In Baltimore, Maryland, the Equal Employment Opportunity Commission (EEOC) announced that Volvo Group North America, LLC, will pay $70,000 as well as furnish significant equitable relief to settle a federal disability case.
According to the suit filed by the EEOC, Volvo Group North America LLC, made a conditional job offer to a qualified applicant- who also happened to be a recovering drug addict that was enrolled in a supervised medication-assisted treatment program- for a position as a laborer at it’s Hagerstown, Maryland, facility. The applicant explained to doctors during his post-offer physical examination that he was taking the prescription drug Suboxone (buprenorphine-naloxone).
- Buprenorphine is the primary active ingredient in SUBOXONE Film. By attaching to the same receptors as other opioids, it can help to suppress withdrawal symptoms and reduce cravings
- Naloxone is included to help prevent misuse. If you are dependent on a full opioid agonist and attempt to inject SUBOXONE Film, the naloxone is likely to cause withdrawal signs and symptoms
Volvo failed to conduct an individualized assessment of the applicant to determine what effect if any, the Suboxone had on his ability to perform the duties of the job. When the applicant returned for his first day of work, Volvo informed him that could not offer him a job due to his Suboxone use, according to the EEOC. If proven to be true, such conduct would violate the Americans with Disabilities Act (ADA), which prohibits discrimination based on a disability. Title I of the Americans with Disabilities Act specifically permits employers to ensure that the workplace is free from the illegal use of drugs and the use of alcohol and to comply with other federal laws and regulations regarding drug and alcohol use. At the same time, the ADA provides limited protection from discrimination for recovering drug abusers and for alcoholics. The EEOC filed suit (EEOC v. Volvo Group North America, LLC, Civil Action No. 1:17-cv-02889) in U.S. District Court for the District of Maryland, Northern Division, after first attempting to reach a pre-litigation settlement through its conciliation process.
In addition to the $70,000 in monetary relief to the applicant, the three-year consent decree resolving the suit enjoins Volvo from violating the ADA in the future. Volvo will distribute to all employees at its Hagerstown facility and ADA policy explaining the right to a reasonable accommodation for a disability unless it would pose an undue hardship. Volvo will amend its policy on post-offer medical and drug evaluations to explain how it will assess whether an employee’s or applicant’s lawful use of prescription medication poses a direct threat as defined by the ADA, including providing a reasonable accommodation as required by the ADA. Volvo will also provide ADA training, including on how the law relates to drug screening and the use of lawfully prescribed medications. Volvo will report to the EEOC on how it handles any complaints of disability discrimination and post a notice regarding the settlement.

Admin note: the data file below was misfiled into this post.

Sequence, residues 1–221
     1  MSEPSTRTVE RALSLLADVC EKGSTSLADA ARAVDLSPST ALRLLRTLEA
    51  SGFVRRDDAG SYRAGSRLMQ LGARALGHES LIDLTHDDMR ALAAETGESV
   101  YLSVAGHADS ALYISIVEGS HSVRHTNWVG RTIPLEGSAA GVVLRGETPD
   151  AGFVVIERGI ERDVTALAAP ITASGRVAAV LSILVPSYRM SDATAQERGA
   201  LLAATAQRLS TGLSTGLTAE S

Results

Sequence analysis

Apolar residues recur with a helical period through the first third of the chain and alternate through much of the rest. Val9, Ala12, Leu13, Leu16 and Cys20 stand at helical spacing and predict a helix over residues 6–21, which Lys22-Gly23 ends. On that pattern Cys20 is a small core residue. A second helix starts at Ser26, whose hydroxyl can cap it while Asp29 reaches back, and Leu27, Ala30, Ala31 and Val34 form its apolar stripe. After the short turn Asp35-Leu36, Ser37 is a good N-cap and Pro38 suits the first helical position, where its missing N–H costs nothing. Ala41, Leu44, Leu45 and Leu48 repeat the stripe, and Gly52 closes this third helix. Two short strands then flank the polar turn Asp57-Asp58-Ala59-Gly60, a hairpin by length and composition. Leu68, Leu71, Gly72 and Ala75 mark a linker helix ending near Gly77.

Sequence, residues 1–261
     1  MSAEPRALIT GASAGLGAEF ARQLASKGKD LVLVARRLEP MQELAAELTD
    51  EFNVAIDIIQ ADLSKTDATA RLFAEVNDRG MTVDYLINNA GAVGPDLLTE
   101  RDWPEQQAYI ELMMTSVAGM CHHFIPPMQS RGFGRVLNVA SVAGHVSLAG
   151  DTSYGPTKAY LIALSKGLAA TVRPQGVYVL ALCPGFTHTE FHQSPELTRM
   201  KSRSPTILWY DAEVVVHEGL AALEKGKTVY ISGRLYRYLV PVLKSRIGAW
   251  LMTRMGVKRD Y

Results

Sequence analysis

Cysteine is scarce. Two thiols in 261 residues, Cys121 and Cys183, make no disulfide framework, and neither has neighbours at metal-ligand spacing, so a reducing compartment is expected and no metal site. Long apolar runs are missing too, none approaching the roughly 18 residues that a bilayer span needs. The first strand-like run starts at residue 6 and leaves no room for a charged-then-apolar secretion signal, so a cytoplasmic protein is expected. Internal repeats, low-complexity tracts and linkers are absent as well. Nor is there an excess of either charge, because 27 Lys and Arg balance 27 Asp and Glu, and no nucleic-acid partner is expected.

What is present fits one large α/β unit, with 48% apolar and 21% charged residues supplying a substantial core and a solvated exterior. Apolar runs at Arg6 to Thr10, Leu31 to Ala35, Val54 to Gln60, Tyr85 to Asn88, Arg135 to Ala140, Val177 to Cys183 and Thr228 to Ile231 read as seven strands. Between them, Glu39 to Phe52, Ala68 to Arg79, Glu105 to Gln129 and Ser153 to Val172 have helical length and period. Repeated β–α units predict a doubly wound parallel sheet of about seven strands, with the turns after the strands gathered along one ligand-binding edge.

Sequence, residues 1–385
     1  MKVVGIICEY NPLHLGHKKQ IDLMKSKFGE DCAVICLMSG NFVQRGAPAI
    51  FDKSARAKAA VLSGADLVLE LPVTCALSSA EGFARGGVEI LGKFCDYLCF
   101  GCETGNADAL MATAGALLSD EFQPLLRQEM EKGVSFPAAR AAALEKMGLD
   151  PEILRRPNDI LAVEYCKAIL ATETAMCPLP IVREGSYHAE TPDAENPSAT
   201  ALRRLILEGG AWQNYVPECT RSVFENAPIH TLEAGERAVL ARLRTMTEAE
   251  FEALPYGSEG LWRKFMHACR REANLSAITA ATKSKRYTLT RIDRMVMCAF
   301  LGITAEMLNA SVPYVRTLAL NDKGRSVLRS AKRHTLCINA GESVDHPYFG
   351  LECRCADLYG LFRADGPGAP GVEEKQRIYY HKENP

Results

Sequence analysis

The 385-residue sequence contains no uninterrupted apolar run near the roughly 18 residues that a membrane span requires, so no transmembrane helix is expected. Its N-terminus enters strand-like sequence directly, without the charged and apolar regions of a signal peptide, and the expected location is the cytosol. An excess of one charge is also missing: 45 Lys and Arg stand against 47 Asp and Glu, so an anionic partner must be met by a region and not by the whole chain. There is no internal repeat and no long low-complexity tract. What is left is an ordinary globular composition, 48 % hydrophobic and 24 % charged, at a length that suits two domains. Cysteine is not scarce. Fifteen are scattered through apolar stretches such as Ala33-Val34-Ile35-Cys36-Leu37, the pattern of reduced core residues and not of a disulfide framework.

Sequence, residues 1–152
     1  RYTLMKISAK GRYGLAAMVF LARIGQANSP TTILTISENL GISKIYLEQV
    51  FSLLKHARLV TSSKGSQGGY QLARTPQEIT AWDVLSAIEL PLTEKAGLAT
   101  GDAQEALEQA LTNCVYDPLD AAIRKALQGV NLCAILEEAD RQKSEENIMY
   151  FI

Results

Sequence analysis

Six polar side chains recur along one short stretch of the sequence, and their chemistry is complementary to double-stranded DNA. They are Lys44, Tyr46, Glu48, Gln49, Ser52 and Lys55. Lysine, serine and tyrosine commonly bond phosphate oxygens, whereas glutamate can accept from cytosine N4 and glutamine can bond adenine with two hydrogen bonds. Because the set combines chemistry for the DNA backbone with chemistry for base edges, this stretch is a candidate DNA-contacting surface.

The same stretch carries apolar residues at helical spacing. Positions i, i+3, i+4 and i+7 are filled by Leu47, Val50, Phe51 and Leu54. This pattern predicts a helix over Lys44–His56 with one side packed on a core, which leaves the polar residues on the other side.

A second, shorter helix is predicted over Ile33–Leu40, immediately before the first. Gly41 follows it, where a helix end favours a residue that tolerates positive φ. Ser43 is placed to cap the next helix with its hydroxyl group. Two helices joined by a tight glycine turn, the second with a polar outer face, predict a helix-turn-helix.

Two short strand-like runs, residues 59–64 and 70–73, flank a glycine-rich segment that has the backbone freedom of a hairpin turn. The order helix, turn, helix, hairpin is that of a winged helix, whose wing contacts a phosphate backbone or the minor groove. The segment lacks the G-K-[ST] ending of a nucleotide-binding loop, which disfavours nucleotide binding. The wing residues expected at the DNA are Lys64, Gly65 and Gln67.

“Employers should make hiring decisions based on the qualifications of an applicant, not his disability or participation in a medically supervised treatment program,” said EEOC Philadelphia District Office Director Jamie R. Williamson”.
EEOC Regional Attorney Debra M. Lawrence, added, “We appreciate that Volvo worked with the EEOC to resolve this case fairly, expeditiously and without incurring unnecessary litigation expenses. This settlement is designed to help ensure that all applicants and employees are protected from disability discrimination.”
The EEOC’s Baltimore Field Office is one of four offices in the Philadelphia District Office, which has jurisdiction over Pennsylvania, Maryland, Delaware, West Virginia and parts of New Jersey and Ohio. Attorneys in the Philadelphia District Office also prosecute discrimination cases in Washington, D.C., and parts of Virginia.
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